• Fantastic Racism: The Venusians that fled "Martian"-occupied Venus for Earth (specifically Britain) faced discrimination by alien-fearing humanity. Even Enoch Powell gives his infamous "River of Blood" speech but with Venusians added in. Ahron Shakespeare, a first generation Earth born Venusian who was badly abused by humans since he was a little boy, points out that he is not angry at humanity for his and his kind's predicament but at the "Martians" for making humanity to be afraid of anything alien.
  • Hope Spot: The "Martian" leadership are killed off in Sohna's psychic cascade and allowing the human coalition fleet to land on Venus. However, the "Martian" scientist activates the weaponized sun, wiping out the fleet and leaving Earth vulnerable to another invasion.
  • Humanity Ensues: The Martian scientist who transfers his mind into a humanoid body start to experience human feelings that he find this completely unexpected. He even mention that if the other aliens find out about this they would cull him for what they perceive as weakness.
  • Insistent Terminology: As of the events in The Great Game, the "Martians" are not native to Mars but originated from a now-destroyed planet that occupied the asteroid belt. However, humanity still refer to the aliens as "Martians" much to Icarus' annoyance, whom he refer to the aliens as the "Makers."
  • Les Collaborateurs: The Venusians living under "Martian" rule obey to the invaders' will out of fear. It is later learn that a fringe radical group called the Cerulean Sisterhood took advantage of the invasion of Venus and brokered a deal with the aliens to eliminate the Theed, thus destroying any chance of a Theed/Venusian alliance of saving Venus and in turn capturing Theed Mentats to build their superweapon to destroy the Solar System, until the aliens turned on them.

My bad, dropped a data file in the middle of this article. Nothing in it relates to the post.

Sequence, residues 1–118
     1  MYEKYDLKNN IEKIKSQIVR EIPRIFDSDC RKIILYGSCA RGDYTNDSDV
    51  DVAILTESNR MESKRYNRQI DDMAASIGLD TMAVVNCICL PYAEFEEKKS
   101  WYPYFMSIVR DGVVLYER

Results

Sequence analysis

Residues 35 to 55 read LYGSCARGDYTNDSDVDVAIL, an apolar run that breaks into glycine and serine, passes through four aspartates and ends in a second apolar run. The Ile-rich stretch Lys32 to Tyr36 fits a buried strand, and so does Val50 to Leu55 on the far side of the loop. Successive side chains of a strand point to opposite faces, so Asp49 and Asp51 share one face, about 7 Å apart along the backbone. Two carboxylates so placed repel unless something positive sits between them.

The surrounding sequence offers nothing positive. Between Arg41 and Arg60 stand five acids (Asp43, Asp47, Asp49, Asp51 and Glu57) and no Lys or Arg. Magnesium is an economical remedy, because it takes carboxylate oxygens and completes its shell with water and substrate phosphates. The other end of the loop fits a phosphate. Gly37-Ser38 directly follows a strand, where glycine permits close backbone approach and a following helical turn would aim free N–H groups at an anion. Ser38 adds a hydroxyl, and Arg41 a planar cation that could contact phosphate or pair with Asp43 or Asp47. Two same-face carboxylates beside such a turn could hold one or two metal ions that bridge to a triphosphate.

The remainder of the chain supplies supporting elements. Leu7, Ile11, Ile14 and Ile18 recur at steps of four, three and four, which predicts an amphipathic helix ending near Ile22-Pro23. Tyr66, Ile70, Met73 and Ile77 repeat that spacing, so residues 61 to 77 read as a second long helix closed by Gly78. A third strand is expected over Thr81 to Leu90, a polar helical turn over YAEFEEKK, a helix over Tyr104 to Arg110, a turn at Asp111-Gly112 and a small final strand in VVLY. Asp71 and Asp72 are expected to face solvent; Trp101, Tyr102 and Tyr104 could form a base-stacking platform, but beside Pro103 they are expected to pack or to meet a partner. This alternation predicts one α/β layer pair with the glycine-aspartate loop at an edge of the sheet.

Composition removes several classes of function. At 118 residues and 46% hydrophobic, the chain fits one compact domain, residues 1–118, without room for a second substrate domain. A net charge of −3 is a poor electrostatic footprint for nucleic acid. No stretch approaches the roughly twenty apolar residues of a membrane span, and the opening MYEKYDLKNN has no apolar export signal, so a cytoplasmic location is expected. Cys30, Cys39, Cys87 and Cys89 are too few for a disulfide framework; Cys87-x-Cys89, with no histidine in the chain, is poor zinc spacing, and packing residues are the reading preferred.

• Irya, wife of Icarus, is forced to work for the aliens in finding the last Theed Mentat in exchange for amnesty and that she is pregnant with their child. Though she later happily changes her mind when nearly all of the alien leadership are killed off from the psychic cascade.
  • Omnicidal Maniac: The "Martian" aliens, who have already wiped out life on every other planet in the solar system. To be fair, they were in a vulnerable kill-or-die position, since their original home planet got turned into the Asteroid Belt 65 million years ago. The cataclysm was what messed up Mars' ecosystem and the fallout killed the dinosaurs on Earth. They took over Mars, as a temporary home, killing what remained of its original inhabitants and then waited for Earth to recover. After their Earth expedition failed, they also attacked Venus. As of "Cold War", after the events of The Great Game that put the "Martians" into the verge of extinction, the aliens plan to destroy the entire Solar System by weaponzing the Sun.
    • It's all consistent with their portrayal in The War of the Worlds: they're biologically incapable of emotions or compassion.
  • Polyamory: The Venusians are a matriarchal society in which the women can marry up to only four husbands. According to Arthur's mother Maia the reason they can't go beyond four is that it will be more problematic with men who "still don't know how to clean a toilet properly."